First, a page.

The Gendered Differences in Popular Satire

The Gendered Differences in Popular Satire
Kendra Pike
University of Oregon
The Gendered Differences in Popular Satire
Satire has become a modern staple of American entertainment over time, showing up in
various types of popular media. Satire has been traditionally used as a tool for the masses,
allowing the public to analyze and decipher social and/or political situations. It’s usually
accompanied with humor or parody in order to appeal to the general public, giving them
something to laugh about, but also something to point to. Even the most humorous satire has a
point to it. There can be differences among the reasons, but satire often aims to expose an issue
or problem to the public, hoping to simply address it. Those differences currently revolve around
gender as women have begun to use satire as a means of addressing societal issues.
As long as there have been writers and illustrators, people have been practicing humor
and comedy. Along that way, satire was born. Those who practiced satire were usually educated
men, dedicated to their craft and their readers. Women have also tried their hand at satire, but
very few were allowed to publish their work and even then, some of those women were scorned
for it. The earliest example of women using satire was during the women’s suffrage movement.
An illustrator named Nina Allender began to draw political cartoons for the National Woman’s
Party, often portraying suffragettes as strong and demanding while also highlighting their main
arguments within the cartoon. Most of her illustrations celebrate the movement and its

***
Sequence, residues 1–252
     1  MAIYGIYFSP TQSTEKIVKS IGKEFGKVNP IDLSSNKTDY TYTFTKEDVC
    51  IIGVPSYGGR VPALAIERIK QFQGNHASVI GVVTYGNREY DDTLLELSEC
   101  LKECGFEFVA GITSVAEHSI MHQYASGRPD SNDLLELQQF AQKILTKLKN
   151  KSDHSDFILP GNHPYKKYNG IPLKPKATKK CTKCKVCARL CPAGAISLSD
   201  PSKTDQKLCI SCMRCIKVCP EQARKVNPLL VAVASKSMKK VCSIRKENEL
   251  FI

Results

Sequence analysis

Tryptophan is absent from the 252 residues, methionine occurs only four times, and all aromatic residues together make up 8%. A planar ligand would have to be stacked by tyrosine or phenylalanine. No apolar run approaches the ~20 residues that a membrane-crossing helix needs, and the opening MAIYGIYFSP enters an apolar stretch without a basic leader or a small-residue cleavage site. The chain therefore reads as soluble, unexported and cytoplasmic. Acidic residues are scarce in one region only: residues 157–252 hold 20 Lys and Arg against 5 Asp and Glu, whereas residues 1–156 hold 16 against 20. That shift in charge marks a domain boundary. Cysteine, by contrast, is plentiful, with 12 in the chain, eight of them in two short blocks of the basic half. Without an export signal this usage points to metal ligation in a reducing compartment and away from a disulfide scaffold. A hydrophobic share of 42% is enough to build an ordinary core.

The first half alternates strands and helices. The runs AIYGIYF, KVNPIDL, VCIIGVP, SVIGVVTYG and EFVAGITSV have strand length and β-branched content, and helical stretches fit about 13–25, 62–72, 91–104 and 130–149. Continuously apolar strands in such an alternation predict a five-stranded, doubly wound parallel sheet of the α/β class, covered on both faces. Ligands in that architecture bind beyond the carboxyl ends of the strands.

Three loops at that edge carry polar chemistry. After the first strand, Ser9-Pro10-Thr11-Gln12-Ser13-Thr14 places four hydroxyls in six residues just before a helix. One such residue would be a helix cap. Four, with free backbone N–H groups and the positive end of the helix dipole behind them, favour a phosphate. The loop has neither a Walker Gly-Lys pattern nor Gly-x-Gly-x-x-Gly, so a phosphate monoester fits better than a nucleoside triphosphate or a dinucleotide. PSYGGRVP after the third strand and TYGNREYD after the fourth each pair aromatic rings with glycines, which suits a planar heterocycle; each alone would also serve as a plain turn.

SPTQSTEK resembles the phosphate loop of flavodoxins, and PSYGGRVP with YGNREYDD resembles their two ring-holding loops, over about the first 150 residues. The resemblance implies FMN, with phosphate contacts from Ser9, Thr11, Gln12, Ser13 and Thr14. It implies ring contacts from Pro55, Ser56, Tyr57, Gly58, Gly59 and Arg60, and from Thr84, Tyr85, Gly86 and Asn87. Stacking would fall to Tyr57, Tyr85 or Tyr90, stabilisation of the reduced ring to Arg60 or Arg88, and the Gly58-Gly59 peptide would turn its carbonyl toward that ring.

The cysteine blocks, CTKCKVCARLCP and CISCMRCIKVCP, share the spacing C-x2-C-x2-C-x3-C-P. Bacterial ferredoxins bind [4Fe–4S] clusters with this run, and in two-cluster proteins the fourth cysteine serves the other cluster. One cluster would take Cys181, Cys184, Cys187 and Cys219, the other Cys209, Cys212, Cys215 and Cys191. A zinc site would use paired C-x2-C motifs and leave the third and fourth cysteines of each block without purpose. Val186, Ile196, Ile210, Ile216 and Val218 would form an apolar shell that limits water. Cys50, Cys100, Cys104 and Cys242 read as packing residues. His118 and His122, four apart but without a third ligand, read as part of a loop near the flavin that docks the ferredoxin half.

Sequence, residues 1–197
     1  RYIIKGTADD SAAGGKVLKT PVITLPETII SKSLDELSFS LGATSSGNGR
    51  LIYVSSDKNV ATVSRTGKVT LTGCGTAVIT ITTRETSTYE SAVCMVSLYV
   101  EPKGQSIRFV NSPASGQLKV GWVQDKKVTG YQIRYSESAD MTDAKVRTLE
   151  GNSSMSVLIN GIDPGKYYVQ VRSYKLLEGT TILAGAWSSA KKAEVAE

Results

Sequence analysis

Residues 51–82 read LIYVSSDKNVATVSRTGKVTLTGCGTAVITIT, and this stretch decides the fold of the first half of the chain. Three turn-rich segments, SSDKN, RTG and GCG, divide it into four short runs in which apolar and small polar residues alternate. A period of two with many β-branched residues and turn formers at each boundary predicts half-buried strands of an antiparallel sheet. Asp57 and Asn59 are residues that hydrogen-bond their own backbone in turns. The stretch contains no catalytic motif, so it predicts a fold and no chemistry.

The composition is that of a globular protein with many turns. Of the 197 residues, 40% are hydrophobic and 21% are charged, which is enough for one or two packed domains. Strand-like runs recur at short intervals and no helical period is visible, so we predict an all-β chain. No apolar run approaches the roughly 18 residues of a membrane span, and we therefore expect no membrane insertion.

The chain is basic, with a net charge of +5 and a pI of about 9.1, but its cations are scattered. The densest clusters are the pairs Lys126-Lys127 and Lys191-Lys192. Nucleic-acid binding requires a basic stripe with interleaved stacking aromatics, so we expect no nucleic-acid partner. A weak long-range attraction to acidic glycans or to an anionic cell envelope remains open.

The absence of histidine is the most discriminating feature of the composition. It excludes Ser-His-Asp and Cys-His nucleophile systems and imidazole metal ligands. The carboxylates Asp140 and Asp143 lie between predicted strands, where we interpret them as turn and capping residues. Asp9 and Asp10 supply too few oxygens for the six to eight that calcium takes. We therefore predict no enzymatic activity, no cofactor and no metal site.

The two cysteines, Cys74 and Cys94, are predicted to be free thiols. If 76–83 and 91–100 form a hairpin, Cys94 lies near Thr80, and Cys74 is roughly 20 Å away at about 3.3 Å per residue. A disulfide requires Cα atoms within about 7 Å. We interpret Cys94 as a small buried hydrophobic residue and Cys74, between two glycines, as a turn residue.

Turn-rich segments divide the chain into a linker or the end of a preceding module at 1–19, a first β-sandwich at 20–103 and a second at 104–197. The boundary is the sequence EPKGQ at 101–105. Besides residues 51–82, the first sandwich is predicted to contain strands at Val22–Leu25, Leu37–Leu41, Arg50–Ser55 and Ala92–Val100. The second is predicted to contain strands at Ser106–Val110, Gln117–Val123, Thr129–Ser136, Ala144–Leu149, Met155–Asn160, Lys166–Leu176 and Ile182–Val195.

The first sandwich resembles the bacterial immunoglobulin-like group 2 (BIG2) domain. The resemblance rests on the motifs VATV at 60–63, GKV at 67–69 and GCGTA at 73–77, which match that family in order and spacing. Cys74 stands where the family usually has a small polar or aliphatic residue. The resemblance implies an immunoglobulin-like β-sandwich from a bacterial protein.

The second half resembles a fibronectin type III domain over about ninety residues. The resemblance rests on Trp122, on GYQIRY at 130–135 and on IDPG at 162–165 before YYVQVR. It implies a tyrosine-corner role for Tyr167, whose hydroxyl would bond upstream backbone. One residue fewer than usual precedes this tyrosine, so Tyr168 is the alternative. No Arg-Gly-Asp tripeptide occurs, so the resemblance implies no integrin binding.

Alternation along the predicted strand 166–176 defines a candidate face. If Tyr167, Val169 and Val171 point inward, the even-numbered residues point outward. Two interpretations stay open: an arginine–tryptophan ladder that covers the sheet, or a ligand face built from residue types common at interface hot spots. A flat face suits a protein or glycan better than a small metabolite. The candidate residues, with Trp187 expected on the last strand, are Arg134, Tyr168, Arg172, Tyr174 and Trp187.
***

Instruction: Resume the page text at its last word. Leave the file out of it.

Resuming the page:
accomplishments, but many fall under the category of satire.
Since the women’s suffrage movement, women have taken the opportunity in many
different fashions, one being satire. It took quite some time to get to that level of popularity again
as men still dominated most work forces. It wasn’t really until the invention of television and
stand-up comedy that women came back to satire. Even after that, it had to slowly creep in as to
not alarm the public so much. Even in comedy, women were held to different standards than
men. It still remains that way today but appears to be changing ever so slightly as more women
take the stage.
Women like Sarah Silverman, Amy Schumer, and Tracey Ullman are known today for
their roles in their respective TV shows, as well as their numerous stand-up specials. Being
comedians and actresses, they heavily rely on basic humor, wit, and use of parody to entertain
their audiences. They also tend to dabble in satire, often using it to express their own feelings
when it comes to gender.
Gender itself is a hot issue in the current political climate. In the 21st century, there are
different ideas of gender, what it means, its limitations, etc. There’s also the emergence of
gender identities such as transgender and the social policies around accepting transgender people